256 pp., 6.125 x 9.25, 25 illus., 6 maps
Paperback ISBN: 978-0-8078-5895-0
Published: February 2008
eBook ISBN: 978-0-8078-8777-6
Published: November 2000
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This collection of seven original essays by leading Civil War historians reinterprets the bloody Fredericksburg campaign and places it within a broader social and political context. By analyzing the battle's antecedents as well as its aftermath, the contributors challenge some long-held assumptions about the engagement and clarify our picture of the war as a whole.
The book begins with revisionist assessments of the leadership of Ambrose Burnside and Robert E. Lee and a portrait of the conduct and attitudes of one group of northern troops who participated in the failed assaults at Marye's Heights. Subsequent essays examine how both armies reacted to the battle and how the northern and southern homefronts responded to news of the carnage at Frederickburg. A final chapter explores the impact of the battle on the residents of the Fredericksburg area and assesses changing Union attitudes about the treatment of Confederate civilians.
The contributors are William Marvel, Alan T. Nolan, Carol Reardon, Gary W. Gallagher, A. Wilson Greene, George C. Rable, and William A. Blair.
About the Author
Gary W. Gallagher is John L. Nau III Professor of History at the University of Virginia and author or editor of numerous books, including Lee and His Army in Confederate History and The Shenandoah Valley Campaign of 1864 (both from the University of North Carolina Press).
For more information about Gary W. Gallagher, visit the Author Page.
"Overall, the essays are lively, interesting, and challenging, in the long tradition of historical revisionism. Civil War enthusiasts will no doubt be stimulated by the debate over whether Burnside was inept, betrayed, disobeyed, or done in by the weather. Lee watchers will be captivated over whether defense or offense was the real Lee."--H-CivWar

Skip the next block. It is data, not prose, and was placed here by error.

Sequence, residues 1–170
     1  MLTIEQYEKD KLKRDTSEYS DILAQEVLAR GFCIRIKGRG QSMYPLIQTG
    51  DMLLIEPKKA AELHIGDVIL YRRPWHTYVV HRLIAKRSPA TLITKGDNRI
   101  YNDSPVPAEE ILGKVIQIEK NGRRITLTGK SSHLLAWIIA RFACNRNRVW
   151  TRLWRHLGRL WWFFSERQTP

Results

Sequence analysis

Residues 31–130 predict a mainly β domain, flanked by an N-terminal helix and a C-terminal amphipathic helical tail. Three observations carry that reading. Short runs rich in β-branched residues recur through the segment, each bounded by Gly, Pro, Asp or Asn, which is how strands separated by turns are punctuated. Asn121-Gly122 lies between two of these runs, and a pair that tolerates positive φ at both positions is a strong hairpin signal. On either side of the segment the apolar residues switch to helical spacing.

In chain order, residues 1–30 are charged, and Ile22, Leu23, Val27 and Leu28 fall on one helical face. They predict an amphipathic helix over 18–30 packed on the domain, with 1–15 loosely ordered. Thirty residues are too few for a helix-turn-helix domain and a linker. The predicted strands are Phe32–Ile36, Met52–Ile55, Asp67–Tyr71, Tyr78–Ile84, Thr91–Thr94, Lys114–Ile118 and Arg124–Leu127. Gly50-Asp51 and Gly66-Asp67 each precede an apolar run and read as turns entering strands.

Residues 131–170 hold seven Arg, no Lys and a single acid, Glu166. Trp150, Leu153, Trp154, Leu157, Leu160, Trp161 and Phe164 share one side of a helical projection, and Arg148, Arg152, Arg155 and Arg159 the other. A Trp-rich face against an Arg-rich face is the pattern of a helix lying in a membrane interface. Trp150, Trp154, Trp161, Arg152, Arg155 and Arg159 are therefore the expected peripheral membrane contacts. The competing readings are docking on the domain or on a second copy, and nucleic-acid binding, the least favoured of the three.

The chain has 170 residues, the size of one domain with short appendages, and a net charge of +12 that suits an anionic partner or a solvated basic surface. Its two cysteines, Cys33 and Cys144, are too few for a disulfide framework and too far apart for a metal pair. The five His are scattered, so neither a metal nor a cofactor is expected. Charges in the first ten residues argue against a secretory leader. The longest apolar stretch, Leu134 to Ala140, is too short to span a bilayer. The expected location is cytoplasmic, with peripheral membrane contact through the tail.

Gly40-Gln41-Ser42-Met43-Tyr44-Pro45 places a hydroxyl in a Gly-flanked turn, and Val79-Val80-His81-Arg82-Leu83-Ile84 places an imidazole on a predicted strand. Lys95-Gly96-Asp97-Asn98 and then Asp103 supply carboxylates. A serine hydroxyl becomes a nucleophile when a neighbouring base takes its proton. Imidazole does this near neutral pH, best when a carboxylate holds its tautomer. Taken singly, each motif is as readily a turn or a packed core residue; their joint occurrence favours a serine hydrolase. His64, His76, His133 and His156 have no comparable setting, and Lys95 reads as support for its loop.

"[A] fine collection of essays. . . . This is a book well worth reading."--Blue and Gray
"The new perspectives contained in this volume are almost all fresh and provocative and based upon admirable scholarship. No study of the war in the Eastern Theater will be complete without this volume."--Civil War Regiments
"Each of the pieces is well researched and well written, and the authors have presented their theses clearly. Well-drawn maps assist the reader in following the battle events. . . . Gallagher's book will be fun for Civil War scholars and enthusiasts. The authors have presented clearly written essays packed with ideas."--Pennsylvania Magazine of History and Biography
"Sometimes controversial, always stimulating, The Fredericksburg Campaign is a 'cutting-edge' volume that will enlighten and please students of the Civil War. Indeed, one can hardly wait for Gallagher's next book."--Register of the Kentucky Historical Society
"Collectively, the excellent essays challenge old assumptions about the campaign, introduce aspects of the battle and its aftermath that have received scant attention, and view military events within the framework of broader social and political issues. The fact that no fewer than three of the essays focus on civilians rather than soldiers suggests the freshness of this new approach to campaign history."--Newsletter of the Society of Civil War Historians